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Black + Blum Design A Better Water Bottle, Complete WIth A Giant Charcoal Stick

Black + Blum goes back to basics with a military canteen-inspired bottle.

Black + Blum Design A Better Water Bottle, Complete WIth A Giant Charcoal Stick
Eau Good bottle
Photo by David Yellen

"Yes, we know it looks weird," says Dan Black, admiring a sleek, curved water bottle containing what looks like . . . a giant black rock. But as with most gizmos from London-based design firm Black + Blum (whose Hot-Pot BBQ doubles as an herb garden), there's more to the Eau Good bottle than one might expect: That dark mass is Binchotan charcoal, an über-porous substance much like the one Brita filters use to absorb nasty particles. "We want to present it in its natural form," says Black. The challenge, then, was to design the rest of the capsule so well that people would embrace its avant-garde centerpiece—and stop buying bottled water, which generates millions of tons of plastic waste each year. Here's how Black + Blum did it.

[1] Black and partner Martin Blum were inspired by the ruggedness of a military canteen, reflected in early prototypes. "We needed something you'd be proud to hold," he says.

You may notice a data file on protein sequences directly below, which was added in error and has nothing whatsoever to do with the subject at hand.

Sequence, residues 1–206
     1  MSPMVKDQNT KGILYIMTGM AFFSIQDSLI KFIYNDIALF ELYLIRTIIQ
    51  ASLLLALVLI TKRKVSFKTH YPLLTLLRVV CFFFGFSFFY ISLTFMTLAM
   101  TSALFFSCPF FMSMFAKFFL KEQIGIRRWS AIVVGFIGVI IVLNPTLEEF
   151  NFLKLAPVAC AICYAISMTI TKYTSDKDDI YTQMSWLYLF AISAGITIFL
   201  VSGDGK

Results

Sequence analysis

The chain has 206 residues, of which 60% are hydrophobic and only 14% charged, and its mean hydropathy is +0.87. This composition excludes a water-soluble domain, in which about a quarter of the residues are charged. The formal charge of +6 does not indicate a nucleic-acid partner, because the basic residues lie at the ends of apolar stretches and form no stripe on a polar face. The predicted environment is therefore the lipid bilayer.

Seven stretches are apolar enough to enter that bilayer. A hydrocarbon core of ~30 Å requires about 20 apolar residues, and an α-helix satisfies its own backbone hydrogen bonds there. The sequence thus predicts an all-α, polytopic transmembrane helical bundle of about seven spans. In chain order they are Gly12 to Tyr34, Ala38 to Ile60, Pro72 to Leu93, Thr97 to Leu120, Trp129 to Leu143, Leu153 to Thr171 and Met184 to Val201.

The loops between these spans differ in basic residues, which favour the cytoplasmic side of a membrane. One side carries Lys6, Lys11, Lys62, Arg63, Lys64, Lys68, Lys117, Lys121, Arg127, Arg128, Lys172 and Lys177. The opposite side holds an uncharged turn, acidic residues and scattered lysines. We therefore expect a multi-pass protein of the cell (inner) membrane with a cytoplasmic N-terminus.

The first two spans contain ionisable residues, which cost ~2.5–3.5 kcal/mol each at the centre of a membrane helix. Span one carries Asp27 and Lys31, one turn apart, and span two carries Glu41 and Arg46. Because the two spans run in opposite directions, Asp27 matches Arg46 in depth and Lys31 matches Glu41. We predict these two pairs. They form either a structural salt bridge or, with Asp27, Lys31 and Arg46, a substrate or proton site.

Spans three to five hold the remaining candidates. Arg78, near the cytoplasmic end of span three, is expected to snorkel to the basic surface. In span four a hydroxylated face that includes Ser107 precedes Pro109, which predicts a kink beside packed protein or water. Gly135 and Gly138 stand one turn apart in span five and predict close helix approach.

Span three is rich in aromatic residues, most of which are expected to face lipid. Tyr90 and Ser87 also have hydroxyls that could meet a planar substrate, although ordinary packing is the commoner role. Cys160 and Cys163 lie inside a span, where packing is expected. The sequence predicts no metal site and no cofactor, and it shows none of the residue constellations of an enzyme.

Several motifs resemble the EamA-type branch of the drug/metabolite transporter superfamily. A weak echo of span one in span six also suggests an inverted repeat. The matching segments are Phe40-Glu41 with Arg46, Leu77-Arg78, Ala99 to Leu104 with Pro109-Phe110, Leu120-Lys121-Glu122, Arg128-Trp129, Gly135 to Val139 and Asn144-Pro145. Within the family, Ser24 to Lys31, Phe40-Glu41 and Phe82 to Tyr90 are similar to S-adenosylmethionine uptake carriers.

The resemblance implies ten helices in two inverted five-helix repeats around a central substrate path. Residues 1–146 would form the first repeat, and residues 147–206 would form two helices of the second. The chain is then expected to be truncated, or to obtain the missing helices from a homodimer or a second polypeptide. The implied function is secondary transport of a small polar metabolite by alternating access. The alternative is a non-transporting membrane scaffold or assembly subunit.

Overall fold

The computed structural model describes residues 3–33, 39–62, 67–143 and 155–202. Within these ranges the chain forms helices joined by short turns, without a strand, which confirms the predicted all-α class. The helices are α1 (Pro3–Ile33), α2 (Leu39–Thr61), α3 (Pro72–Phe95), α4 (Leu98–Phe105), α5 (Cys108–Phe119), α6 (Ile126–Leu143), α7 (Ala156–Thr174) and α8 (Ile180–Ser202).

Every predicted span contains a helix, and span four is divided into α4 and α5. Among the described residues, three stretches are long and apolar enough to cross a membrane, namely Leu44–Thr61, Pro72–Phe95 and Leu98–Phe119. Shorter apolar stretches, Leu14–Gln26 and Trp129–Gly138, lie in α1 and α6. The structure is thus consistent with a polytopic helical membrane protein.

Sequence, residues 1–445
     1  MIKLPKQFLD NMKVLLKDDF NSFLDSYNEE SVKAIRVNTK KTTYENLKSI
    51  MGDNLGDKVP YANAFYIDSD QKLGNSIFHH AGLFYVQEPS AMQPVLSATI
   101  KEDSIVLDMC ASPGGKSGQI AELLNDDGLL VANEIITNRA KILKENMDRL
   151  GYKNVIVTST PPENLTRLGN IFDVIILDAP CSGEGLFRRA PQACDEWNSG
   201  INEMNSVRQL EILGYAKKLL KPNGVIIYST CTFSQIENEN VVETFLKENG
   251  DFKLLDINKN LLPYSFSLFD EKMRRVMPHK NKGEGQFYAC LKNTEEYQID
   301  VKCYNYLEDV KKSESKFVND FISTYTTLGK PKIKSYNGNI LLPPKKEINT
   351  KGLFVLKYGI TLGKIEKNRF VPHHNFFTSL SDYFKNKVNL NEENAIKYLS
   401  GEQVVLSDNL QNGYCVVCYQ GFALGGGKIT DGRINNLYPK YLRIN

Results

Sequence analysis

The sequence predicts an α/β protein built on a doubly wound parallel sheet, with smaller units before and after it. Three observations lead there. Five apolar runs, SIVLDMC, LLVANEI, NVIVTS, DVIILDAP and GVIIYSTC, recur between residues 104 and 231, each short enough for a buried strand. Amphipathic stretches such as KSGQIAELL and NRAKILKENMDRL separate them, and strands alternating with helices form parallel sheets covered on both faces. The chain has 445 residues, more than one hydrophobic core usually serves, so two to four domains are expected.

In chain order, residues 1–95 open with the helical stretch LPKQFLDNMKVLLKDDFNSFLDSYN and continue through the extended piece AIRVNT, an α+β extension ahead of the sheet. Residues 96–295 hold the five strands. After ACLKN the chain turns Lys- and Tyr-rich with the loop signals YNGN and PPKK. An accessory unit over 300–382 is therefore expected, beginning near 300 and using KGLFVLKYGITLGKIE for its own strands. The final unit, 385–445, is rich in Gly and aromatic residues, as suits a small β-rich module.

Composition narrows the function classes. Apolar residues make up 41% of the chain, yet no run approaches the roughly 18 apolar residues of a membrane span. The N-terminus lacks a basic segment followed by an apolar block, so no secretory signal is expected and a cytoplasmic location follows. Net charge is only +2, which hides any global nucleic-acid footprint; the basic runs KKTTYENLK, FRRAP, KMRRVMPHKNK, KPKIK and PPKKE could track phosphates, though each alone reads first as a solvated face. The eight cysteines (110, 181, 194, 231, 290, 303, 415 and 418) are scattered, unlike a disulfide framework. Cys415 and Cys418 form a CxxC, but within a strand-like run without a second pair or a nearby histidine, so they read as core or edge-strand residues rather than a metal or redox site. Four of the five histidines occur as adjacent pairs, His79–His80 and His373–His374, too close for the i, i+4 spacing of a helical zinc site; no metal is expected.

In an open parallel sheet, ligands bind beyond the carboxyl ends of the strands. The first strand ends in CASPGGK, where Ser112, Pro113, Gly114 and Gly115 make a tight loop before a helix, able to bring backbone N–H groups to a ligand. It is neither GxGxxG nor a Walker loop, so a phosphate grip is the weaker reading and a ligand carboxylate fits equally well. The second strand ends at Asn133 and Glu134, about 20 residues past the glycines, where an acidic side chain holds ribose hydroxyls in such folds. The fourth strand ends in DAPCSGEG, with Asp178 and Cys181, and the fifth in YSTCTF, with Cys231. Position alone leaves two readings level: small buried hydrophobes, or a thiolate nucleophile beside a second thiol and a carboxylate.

[2] "There's a real science to spout size," says Black. "Too big, the rim goes past your nose; too small, it's tough to drink." To determine the perfect diameter (3.8 centimeters), Black's team spent weeks drinking from odd-shaped bottles. Among them: shampoo and bleach.

[3] Prototypes—shaped like liter bottles, not hourglasses—couldn't support a squeeze-to-release mechanism for the charcoal filter (which should be boiled every few weeks). "We needed the whole thing to deform," says Black.

[4] In lieu of a screw-top lid (which channeled a sports water bottle), the designers chose a simple cork with a silicon-coated underside.

[5] The bottle's name, Eau Good, is "a play on words, because it's pronounced like 'Oh, good!'" says Black. "Not many people get it." But will they drink from it—charcoal and all? "We'll find out," he says. ($20,


A version of this article appeared in the April 2012 issue of Fast Company magazine.